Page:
I know that this post somehow drifted away from topic of ”descent object” even when it is obviously circulating around material having to do with it and which is line with ”differential cohomology in a cohesive ∞-topos” so you, Urs or anyone who wishes contribute to this, could reply to stephanspahn1@me.com, too. ps. Thanks Toby, I am reliantly coming to terms with the technics.
my agenda is to define ∞-orbifolds
Ah, I see. This is certainly something that is in the air and should be written out by someone. Glad to hear that you are working on this!
Let me mention that there is at least one existing definition already, even though no details have been spelled out yet (as far as I am aware).
Namely, as you probably know, what in the smooth context is an orbifold, in the algebraic context is a Deligne-Mumford stack. The joint higher generalizations of these, for any kind of geometry $\mathcal{G}$ (algebraic, smooth, or whatever) is what the article Structured Spaces by Jacob Lurie is all about. He calls then $\mathcal{G}$-schemes (see structured (infinity,1)-topos).
A main result of the article is that just as the “0-localic” algebraic $\infty$-schemes are just ordinary schemes, the 1-localic algebraic $\infty$-schemes are precisely the Deligne-Mumford stacks, hence the “algebraic orbifolds”.
I’d expect that when going through this argument for smooth geometry (see the very, very last paragraph of Structured Spaces for a brief remark on this) one recovers smooth orbifolds (but I have not even remotely tried to check that) and their higher analogs.
Of course, all this is from the petit topos perspective on orbifolds. What you say above is coming from the gros topos perspective. Certainly that remains to be worked out. But it should eventually be cross checked with the petit perspective.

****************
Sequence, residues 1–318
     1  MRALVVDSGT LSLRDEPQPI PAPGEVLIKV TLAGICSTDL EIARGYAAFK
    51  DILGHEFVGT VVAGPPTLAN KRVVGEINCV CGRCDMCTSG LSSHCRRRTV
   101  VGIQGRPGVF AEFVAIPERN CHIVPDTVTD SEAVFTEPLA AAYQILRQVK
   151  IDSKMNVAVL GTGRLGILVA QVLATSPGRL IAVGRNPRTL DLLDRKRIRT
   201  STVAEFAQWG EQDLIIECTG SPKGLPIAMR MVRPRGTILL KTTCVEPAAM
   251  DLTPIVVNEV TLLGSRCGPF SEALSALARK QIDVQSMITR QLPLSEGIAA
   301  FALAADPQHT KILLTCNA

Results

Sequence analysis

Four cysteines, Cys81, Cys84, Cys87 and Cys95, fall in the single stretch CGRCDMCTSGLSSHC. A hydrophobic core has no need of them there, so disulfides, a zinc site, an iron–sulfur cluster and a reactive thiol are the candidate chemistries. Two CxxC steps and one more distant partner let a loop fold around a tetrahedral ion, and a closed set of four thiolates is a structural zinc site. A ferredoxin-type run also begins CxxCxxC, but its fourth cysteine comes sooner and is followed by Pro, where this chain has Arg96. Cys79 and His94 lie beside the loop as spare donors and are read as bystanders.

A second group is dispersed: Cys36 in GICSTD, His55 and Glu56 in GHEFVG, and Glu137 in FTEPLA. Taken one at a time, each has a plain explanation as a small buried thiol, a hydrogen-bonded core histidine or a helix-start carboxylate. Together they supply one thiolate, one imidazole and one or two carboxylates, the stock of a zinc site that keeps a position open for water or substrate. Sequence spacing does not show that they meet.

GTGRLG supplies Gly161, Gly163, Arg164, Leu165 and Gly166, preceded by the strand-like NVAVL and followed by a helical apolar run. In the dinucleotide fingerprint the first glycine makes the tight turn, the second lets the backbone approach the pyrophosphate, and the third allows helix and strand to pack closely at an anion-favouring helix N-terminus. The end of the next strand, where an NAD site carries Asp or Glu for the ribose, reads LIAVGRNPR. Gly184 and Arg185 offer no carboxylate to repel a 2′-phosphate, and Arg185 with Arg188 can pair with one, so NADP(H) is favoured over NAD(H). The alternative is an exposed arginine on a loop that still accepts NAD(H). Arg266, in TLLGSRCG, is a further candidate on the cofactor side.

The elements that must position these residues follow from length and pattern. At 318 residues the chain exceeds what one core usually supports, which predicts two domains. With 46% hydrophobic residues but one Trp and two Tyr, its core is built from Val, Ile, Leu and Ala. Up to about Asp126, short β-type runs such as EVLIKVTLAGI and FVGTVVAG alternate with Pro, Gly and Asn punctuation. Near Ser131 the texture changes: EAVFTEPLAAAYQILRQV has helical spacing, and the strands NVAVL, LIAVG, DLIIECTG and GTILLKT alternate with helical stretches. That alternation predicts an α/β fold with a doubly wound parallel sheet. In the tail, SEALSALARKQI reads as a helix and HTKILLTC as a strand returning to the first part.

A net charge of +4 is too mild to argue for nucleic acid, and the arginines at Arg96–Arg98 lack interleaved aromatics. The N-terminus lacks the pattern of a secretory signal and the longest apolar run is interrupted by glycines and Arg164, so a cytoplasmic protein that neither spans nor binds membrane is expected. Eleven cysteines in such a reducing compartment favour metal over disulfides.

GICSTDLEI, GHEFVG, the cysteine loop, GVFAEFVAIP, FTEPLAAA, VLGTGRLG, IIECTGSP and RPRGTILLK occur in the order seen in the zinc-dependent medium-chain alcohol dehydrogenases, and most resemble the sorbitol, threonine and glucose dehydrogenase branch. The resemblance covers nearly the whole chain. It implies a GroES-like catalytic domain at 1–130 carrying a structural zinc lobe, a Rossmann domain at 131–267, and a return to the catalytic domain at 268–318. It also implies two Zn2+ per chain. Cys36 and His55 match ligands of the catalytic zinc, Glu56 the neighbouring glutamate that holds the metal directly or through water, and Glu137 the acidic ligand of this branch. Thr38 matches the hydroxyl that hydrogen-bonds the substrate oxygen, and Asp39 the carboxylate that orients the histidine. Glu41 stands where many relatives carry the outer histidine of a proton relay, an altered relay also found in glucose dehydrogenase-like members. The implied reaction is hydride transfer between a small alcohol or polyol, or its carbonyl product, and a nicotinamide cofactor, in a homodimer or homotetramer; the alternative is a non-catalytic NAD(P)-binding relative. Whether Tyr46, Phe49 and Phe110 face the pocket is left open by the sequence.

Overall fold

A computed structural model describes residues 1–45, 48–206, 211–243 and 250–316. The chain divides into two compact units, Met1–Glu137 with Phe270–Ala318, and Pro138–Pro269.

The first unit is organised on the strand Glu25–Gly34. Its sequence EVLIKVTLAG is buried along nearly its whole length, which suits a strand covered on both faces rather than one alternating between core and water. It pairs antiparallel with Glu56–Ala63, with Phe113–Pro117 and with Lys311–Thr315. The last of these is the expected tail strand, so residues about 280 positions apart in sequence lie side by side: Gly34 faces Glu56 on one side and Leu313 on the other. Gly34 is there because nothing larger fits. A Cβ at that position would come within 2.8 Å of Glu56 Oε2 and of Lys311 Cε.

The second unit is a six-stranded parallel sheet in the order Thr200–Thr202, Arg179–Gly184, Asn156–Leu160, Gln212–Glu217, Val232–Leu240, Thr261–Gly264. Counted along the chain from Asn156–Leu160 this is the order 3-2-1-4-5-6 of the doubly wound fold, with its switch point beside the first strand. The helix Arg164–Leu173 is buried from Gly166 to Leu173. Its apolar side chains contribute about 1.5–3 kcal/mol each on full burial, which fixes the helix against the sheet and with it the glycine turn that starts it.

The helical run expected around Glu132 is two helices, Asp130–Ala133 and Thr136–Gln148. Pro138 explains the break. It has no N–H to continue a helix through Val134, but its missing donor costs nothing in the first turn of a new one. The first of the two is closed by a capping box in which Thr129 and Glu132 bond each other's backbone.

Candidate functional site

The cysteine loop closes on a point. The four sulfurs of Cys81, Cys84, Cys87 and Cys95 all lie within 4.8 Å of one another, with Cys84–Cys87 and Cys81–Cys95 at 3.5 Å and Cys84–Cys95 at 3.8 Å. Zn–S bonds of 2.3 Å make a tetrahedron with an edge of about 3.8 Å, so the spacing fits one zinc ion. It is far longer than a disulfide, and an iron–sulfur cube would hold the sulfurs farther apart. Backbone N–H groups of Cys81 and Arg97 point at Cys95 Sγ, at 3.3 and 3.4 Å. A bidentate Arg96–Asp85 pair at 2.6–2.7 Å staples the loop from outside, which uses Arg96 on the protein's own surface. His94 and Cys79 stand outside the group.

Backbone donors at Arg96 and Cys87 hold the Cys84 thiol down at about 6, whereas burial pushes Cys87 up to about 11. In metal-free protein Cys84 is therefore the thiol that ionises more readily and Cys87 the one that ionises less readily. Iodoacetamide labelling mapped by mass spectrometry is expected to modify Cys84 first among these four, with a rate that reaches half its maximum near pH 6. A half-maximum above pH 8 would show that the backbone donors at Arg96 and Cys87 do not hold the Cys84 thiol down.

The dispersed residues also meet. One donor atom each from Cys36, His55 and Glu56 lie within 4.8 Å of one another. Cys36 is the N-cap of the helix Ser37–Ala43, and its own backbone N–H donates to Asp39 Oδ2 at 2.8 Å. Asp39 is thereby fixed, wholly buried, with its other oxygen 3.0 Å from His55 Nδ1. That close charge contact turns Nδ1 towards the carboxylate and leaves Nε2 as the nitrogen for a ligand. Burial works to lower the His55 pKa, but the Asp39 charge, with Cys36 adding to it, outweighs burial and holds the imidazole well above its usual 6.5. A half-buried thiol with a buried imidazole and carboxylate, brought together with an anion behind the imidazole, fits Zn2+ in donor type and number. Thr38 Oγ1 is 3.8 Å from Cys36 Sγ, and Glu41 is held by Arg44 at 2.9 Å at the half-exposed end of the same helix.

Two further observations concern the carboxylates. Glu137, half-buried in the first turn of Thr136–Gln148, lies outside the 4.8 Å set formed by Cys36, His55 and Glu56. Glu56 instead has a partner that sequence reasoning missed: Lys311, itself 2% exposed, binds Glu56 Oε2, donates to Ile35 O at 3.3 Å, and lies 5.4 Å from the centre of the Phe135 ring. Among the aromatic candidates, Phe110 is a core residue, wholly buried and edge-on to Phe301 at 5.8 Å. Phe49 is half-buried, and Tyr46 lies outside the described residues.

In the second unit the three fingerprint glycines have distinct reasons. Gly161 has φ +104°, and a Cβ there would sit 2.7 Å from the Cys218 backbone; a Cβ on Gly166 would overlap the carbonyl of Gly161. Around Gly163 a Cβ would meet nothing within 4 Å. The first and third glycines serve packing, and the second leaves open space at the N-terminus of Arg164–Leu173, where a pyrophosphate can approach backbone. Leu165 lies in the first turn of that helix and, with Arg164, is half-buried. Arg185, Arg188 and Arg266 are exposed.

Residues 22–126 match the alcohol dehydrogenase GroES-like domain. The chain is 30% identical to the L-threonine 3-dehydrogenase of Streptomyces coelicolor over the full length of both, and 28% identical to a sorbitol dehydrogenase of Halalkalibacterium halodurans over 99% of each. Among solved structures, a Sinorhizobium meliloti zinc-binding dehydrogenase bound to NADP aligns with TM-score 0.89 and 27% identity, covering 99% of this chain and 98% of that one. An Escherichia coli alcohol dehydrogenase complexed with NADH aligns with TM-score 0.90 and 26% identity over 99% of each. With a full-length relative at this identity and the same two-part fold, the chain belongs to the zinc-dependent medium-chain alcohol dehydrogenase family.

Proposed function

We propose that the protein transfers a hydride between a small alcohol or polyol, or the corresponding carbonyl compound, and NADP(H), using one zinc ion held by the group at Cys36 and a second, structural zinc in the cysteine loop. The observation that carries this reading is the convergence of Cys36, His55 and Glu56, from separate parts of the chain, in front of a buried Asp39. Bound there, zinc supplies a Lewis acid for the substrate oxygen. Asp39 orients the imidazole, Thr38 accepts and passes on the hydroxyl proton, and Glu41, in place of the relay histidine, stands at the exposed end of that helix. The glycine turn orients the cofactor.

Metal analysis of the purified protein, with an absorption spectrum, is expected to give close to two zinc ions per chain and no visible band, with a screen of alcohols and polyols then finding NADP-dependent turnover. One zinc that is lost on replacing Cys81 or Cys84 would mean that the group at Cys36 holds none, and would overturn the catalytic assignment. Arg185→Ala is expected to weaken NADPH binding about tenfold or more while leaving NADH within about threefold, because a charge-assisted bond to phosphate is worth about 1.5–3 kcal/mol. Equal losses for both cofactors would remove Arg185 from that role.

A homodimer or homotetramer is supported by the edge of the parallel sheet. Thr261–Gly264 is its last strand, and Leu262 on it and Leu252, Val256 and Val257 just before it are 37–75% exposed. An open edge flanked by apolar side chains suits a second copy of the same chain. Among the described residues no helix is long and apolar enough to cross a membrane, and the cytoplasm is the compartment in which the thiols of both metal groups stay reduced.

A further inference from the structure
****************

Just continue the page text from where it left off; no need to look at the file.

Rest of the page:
My local expert on étale groupoids and related stuff used to be Dave Carchedi, who is currently at the MPI in Bonn (lucky him). With Dave I have occasionally chatted about the desire for higher smooth orbifolds. But we never got to the point of doing some actual research there. I am just mentioning this in case you feel like wanting to talk to somebody who has all the requisite expertise and might be eager to collaborate on something in this direction.
Thanks for your elating response. I am indeed longing for an expert to discuss my ideas with and will contact Dave Carchedi. (To be with Ieke Moerdijk does not sound bad either).
I did not find any definition or rough idea of ∞-orbifolds in the literature but would willingly take it into account.
Indeed I know the article on structured spaces by Jacob Lurie and its motivating truncations ”algebraic orbifolds” but let me indicate that there are some terminological inconsistencies to them in the literature: As I remember Eugene Lerman in ”orbifolds as stacks?” does not distinguish clearly between the notions of geometric stack, Artin stack and Deligne-Mumford stack (on manifolds).
Up to now I concentrated on the big topos perspective but I am planning to think about the other, too; of course a sensible treatment requires both.
Hi Stephan,
did you contact David Carchedi meanwhile? I just heard him speak about this, and he seems to have made some substantial progress on étale $\infty$-stacks. I have just posted a short note on his talk here.